I actually, personally, would pay full price for this movie to see it again; I give it Matinee with Snacks because I know I was probably more entranced by the exhilaration of the movie in the moment than the cooler light of day might reveal. That, and the energy of seeing the Southern California premiere in a theatre full of cast members adds an extra vibe that cannot be replicated in a cramped art house. That disclaimer aside, I loved Camp, I simply adored it. I know when I come out of a movie and jump on the cel phone to tell anyone in my time zone to see it when it comes out that it made a visceral impact on me.
A tiny little film, shot in 28 days on location (but with a changed name) at and based on the Stage Door Manor performance art camp in upstate New York, Camp is a labor of love. Written, directed, and produced by Todd Graff as a fictionalized love letter to that woodland institution, Camp explores a summer’s worth of kids who find themselves through the arts. It should be required viewing for all the people out there who want to cut arts and education funding, who think the NEA is a haven for freaks and sodomites, or who think theatre people deserve derision and/or beatings. And any theatre sympathizer would be foolish to miss it.
What’s great about this camp is not just the camaraderie of understanding that is clearly missing from these kids’ lives, but also the openness that people in the arts can have with each other. People’s real feelings and inner monologues so often are suppressed by management, artificial senses of propriety or lineality, but not here. It seems odd, even in a filmic context, for these characters to say all they say – but you know it is exactly what they are thinking. They are free here in a way most people can only dream of. And it is the love of performance that gives them that freedom. This sense of community and safety is similar to that shared by Star Trek aficionados and other niche fan bases populated by people considered “misfits,” with one happy by-product: A rilly big shoo.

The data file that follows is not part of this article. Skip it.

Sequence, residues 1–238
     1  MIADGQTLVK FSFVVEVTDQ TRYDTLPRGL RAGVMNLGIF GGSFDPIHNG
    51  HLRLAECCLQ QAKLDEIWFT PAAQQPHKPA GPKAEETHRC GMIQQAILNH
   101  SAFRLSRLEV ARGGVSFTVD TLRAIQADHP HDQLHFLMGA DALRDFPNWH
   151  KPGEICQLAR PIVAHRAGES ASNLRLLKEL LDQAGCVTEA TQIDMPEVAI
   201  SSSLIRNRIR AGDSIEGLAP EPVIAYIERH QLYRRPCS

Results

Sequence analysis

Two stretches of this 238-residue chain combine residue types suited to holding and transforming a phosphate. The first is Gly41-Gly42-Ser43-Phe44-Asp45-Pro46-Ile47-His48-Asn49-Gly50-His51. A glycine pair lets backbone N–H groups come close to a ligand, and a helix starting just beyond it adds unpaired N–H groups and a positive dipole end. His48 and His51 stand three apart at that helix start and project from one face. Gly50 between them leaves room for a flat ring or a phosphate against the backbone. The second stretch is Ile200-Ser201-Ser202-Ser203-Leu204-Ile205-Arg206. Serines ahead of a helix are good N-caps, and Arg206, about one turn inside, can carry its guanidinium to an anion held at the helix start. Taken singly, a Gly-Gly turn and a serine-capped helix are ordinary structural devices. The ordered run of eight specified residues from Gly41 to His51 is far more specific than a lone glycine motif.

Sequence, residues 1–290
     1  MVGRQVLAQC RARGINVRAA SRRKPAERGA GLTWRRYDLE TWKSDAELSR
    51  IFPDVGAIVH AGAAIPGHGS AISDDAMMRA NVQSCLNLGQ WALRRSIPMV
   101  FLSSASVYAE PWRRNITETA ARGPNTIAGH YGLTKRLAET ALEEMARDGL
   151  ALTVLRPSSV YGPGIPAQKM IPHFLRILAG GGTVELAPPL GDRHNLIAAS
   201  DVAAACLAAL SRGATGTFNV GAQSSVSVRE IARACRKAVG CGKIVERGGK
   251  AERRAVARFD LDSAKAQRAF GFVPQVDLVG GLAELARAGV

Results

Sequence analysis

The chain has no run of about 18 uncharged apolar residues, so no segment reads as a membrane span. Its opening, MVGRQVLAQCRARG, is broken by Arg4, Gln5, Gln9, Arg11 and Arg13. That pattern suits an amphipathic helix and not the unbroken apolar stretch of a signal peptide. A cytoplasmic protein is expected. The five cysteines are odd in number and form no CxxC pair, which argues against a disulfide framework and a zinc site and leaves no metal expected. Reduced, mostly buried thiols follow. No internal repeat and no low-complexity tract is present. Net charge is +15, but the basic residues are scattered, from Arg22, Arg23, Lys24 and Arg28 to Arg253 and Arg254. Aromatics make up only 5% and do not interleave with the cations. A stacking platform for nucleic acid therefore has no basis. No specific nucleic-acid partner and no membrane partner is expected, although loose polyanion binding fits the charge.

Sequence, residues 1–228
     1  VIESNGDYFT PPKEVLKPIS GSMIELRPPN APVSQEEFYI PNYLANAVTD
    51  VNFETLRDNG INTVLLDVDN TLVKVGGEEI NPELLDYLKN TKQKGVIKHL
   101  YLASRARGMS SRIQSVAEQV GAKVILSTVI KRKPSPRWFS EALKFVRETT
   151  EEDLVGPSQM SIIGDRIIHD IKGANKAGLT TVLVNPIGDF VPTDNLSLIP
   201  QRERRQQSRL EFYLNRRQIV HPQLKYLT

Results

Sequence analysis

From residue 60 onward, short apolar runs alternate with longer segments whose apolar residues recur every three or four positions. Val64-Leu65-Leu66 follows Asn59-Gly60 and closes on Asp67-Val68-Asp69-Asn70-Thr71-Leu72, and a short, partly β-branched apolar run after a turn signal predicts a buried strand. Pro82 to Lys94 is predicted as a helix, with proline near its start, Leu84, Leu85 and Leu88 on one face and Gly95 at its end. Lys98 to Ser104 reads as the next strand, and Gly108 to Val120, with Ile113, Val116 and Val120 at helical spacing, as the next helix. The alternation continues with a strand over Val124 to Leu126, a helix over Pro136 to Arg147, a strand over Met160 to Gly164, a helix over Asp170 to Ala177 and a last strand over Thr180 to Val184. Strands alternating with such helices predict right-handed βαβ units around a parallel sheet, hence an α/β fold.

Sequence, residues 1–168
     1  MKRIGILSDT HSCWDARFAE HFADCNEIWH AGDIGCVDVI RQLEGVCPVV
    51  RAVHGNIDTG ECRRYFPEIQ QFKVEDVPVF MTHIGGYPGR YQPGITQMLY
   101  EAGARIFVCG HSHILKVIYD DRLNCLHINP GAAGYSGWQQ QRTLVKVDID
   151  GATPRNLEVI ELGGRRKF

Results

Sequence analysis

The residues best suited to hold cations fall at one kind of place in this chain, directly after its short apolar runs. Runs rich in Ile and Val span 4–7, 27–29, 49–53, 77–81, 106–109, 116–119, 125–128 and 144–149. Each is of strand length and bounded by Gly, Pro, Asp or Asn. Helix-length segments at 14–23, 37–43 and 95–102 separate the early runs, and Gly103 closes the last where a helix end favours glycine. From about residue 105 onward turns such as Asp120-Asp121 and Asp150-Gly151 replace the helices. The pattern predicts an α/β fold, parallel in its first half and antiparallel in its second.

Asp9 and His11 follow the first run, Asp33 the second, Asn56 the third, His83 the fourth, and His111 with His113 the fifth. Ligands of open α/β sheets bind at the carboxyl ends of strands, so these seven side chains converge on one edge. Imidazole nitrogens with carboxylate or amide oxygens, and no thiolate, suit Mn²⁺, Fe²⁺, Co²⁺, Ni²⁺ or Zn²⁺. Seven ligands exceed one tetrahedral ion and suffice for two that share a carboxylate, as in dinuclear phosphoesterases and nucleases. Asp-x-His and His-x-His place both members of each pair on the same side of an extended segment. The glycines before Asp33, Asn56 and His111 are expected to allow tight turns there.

These kids are all doing their own singing and dancing (which certain big, Oscar-nominated stars with years of experience and training were recently lauded for) and they make American Idol look like the Gong Show. Part of it is the material – you have to be musically and emotionally sophisticated to properly perform Sondheim’s The Ladies Who Lunch at the age of 15. The original songs are great (if obvious) anthems for the movie’s themes, but you still walk out of there happier for it.
Since everyone in the movie is basically chock full of unknowns, get to know these names: Robin de Jesus as shy gay Latino Michael, Anna Kendrick as bizarre low-status Fritzi, Daniel Letterle as crowd-pleasing hunk Vlad, Joanna Chilcoat as wallflower Ellen…the list goes on, but Vlad, Elle, and Michael are the core triad, with Kendrick stealing the show in the third act. I did not get the character name of the quiet girl whose jaw was wired shut to look her real name up, and for that I apologize, but her beauty and dignity stopped the show. Go see it, won’t you?
MPAA Rating PG-13
Release date 7/25/03 (LA/NY/SF)
Time in minutes 114
Director Todd Graff